Progesterone versus synthetic progesterone analogs
When it became clear that unopposed estrogens increased the risk of endometrial cancer in postmenopausal women, MPA and other synthetic progesterone analogs were added to suppress estrogen-induced endometrial growth. At the time, oral progesterone was poorly absorbed and was not an option. It wasn’t until the latter part of the 20th century that micronization of progesterone into particles less than 10 microns in size led to increased surface area, enhanced dissolution, and improved intestinal absorption, making oral progesterone a viable hormone therapy.
Over the years, numerous scientific papers have used the word “progesterone” as a catchall term that included synthetic progesterone analogs as well as progesterone. This misrepresentation of progesterone created confusion for both researchers and clinicians, as it suggested synthetic progesterone analogs had the same effect on progesterone receptors as progesterone. There are clinical scenarios that strongly suggest otherwise. For example, MPA is considered a teratogen and is contraindicated in the first 4 months of pregnancy. In contrast, progesterone vaginal suppositories are often used in the first trimester to sustain pregnancy. Clearly, the 2 molecules have very different effects in childbearing women and could reasonably be expected to have other differences. Unfortunately, they were considered sufficiently equivalent for MPA to be widely recommended as hormone replacement in perimenopausal and postmenopausal women. Eventually, problems with MPA were exposed in these populations, particularly in the areas of cardiovascular health and hormone-related cancers.
To examine the cardiovascular effects of MPA, women on estrogen therapy combined with MPA were compared with those on combined estrogen and oral micronized progesterone (OMP). The Postmenopausal Estrogen/Progestin Interventions (PEPI) Trial found oral CEE significantly elevated levels of the inflammatory marker C-reactive protein regardless of whether CEE was unopposed, combined with MPA, or combined with OMP. However, CEE combined with MPA elevated CRP significantly more than CEE alone or in combination with OMP.
The PEPI Trial also found that increases in high-density lipoprotein (HDL) levels from oral estrogen supplementation were preserved when OMP was used, but not when MPA was the progesterone analog of choice.
MPA also interferes with the benefits of estrogens on coronary vasospasm and exercise-induced myocardial ischemia. In young women, acute MPA administration negates the beneficial endothelium-dependent vasodilatation effects of estradiol.16 In contrast, use of OMP maintains the cardio protective effects of estrogens.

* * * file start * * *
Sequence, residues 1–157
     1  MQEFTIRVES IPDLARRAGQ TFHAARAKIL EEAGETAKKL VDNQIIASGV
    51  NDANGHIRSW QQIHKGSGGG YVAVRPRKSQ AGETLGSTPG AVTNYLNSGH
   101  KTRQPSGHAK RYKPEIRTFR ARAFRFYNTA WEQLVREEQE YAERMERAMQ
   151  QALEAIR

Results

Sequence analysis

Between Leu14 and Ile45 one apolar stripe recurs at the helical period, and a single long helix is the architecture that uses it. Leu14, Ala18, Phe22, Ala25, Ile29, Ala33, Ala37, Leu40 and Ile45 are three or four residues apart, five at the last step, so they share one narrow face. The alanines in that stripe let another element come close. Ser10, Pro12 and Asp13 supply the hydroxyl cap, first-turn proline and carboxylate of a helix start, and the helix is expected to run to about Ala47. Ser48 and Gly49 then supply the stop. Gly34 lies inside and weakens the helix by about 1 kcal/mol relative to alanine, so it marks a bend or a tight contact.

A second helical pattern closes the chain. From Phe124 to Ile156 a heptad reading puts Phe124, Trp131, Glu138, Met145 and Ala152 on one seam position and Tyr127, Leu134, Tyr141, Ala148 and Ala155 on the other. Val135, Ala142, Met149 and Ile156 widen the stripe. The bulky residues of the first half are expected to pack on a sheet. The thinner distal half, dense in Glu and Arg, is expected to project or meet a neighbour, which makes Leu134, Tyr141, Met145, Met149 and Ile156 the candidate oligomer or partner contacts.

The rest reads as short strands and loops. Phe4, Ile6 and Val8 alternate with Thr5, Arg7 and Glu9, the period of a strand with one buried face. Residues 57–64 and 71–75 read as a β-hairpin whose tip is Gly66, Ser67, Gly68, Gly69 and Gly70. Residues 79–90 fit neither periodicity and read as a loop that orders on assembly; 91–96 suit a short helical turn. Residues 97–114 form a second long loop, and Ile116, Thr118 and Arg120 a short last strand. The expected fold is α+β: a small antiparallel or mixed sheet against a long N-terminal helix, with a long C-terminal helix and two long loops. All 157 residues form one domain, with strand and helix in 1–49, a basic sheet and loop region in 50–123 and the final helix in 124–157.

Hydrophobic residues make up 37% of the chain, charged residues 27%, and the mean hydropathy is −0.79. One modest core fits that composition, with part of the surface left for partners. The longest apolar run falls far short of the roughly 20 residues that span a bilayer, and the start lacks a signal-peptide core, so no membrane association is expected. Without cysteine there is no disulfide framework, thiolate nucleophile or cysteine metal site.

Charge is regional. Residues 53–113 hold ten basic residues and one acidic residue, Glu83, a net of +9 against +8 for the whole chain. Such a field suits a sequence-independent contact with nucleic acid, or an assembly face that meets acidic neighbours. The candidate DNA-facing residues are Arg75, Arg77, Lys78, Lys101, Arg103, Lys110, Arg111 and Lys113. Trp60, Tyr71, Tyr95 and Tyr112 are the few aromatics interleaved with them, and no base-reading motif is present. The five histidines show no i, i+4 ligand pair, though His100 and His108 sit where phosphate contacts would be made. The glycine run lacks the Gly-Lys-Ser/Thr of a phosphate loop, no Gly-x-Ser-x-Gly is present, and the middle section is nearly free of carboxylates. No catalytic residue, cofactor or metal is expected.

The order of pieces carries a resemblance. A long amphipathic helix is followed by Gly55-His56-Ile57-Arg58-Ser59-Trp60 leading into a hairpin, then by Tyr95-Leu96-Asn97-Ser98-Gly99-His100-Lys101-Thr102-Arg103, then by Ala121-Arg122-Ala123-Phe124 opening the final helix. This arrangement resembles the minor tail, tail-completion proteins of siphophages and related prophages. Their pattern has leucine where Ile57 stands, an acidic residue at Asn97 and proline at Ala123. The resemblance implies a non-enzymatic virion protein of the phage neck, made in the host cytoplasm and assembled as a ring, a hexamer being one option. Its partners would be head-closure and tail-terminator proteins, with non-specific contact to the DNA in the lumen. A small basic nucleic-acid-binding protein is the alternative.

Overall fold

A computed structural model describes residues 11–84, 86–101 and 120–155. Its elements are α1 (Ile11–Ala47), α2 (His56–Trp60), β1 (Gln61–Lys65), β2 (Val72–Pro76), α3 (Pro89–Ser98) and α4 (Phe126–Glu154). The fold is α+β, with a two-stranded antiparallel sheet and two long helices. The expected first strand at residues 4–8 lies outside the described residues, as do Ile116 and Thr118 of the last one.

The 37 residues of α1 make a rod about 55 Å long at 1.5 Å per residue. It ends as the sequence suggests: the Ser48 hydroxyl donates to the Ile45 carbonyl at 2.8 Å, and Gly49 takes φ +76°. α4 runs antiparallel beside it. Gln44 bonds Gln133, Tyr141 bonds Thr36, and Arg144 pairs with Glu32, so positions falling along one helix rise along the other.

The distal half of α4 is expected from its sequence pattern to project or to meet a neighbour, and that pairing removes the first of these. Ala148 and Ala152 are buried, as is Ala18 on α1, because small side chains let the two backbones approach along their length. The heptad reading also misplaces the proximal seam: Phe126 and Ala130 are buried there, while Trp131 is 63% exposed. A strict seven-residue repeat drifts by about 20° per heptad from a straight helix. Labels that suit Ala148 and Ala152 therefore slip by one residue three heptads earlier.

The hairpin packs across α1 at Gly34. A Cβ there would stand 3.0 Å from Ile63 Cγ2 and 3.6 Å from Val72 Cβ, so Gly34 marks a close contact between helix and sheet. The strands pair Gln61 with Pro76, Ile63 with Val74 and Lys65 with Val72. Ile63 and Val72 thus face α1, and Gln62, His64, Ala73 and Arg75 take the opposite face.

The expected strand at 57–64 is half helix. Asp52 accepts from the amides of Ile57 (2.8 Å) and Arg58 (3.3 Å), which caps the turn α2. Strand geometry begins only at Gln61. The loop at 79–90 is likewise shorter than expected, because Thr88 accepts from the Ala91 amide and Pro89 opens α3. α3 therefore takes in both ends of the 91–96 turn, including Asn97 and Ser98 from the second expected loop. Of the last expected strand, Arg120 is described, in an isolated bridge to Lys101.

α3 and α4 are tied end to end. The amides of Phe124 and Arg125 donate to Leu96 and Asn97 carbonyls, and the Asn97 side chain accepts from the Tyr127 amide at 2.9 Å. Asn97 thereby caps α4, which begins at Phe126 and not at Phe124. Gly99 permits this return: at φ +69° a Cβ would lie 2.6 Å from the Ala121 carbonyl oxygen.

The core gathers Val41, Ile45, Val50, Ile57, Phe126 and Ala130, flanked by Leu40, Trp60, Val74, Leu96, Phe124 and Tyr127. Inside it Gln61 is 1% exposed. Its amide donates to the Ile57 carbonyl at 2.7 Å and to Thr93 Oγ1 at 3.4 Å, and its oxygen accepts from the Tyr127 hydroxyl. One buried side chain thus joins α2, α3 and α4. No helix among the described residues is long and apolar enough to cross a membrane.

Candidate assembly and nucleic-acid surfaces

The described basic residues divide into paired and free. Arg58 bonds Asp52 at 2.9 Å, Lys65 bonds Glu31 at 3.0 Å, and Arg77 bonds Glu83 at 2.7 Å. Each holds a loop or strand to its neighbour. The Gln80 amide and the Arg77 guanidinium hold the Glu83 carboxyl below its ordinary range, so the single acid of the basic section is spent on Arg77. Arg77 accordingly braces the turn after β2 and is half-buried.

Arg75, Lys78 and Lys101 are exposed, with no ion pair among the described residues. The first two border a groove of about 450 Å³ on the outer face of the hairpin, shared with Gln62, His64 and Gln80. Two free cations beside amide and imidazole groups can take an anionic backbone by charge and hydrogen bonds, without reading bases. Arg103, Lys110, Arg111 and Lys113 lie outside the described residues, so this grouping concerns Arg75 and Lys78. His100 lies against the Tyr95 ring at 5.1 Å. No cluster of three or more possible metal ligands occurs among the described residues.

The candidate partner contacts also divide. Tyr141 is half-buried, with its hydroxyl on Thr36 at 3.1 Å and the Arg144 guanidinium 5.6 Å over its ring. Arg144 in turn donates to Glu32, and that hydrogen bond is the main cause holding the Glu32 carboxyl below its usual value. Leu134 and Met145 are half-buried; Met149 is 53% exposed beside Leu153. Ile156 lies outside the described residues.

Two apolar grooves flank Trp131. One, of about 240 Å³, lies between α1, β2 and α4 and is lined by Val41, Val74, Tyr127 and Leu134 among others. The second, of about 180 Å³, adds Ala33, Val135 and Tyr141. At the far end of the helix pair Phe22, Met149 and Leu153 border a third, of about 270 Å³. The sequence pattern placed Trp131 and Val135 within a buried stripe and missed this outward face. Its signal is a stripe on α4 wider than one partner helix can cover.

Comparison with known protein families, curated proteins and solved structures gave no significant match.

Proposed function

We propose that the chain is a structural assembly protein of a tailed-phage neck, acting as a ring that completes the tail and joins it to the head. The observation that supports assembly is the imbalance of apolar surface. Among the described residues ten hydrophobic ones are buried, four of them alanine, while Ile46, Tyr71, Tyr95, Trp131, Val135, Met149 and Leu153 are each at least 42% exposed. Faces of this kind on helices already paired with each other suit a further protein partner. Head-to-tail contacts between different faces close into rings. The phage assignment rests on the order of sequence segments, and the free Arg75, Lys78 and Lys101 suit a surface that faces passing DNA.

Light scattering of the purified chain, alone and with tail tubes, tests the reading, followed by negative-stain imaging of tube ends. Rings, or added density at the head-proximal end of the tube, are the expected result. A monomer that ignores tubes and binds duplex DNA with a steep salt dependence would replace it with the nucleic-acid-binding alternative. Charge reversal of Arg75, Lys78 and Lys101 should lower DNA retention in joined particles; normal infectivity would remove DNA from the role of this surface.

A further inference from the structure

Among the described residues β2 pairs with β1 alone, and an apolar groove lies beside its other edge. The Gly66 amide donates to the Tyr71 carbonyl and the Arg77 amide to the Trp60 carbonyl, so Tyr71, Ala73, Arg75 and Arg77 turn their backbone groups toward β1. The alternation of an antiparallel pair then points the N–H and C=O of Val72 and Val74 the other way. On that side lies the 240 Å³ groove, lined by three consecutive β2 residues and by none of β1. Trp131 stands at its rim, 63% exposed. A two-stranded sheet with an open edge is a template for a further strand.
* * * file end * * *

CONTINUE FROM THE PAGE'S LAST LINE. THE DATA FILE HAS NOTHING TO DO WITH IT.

A review of the scientific literature to date shows that OMP, but not MPA, preserves the beneficial cardiovascular effects of estrogens without observable negative effects.
Although breast cell proliferation, and therefore potential for DNA damage, is increased in the luteal phase when progesterone levels are at their peak, evidence to date does not indicate that progesterone increases the risk of breast cancer. A French study of 1,150 women with fibrocystic breasts saw no increased breast cancer risk in women using topical progesterone. In fact, the study showed that breast cancer risk decreased significantly when topical progesterone was combined with oral progesterone (RR = 0.5 compared to nonusers). In addition, a French prospective study of more than 50,000 women found that the relative risk (RR) for breast cancer when estrogens were combined with MPA was 1.4, but the RR dropped to 0.9 when OMP was used instead of MPA. Another study found breast cancer patients with the highest endogenous progesterone levels at the time of surgery had significantly better survival at 18 years follow up.
A Maturitas review of progesterone reported “progesterone is able to counteract the estrogen-induced proliferation of human mammary epithelial cells.” In contrast, postmenopausal women using MPA reported significantly greater cell proliferation and density than women treated with estrogen only or those receiving no treatment. In other words, progesterone appears to reduce breast cancer cell proliferation while MPA fuels it.
Neither synthetic progesterone analogs nor progesterone have demonstrable benefits on bone density. A 3-year study of progesterone cream 20 mg daily failed to show any benefit for progesterone versus placebo on markers of bone density.25 A 1999 study by Leonetti similarly found no benefit for progesterone cream on bone density after 1 year.26 However, the use of a long-acting injectable MPA contraceptive in young women decreased lumbar bone significantly after 2 years. This preliminary data suggests that while progesterone has no benefit on bone density, MPA may in fact have a negative effect.
Bio identical Progesterone-Progensa 20, ALLVIA manufacturer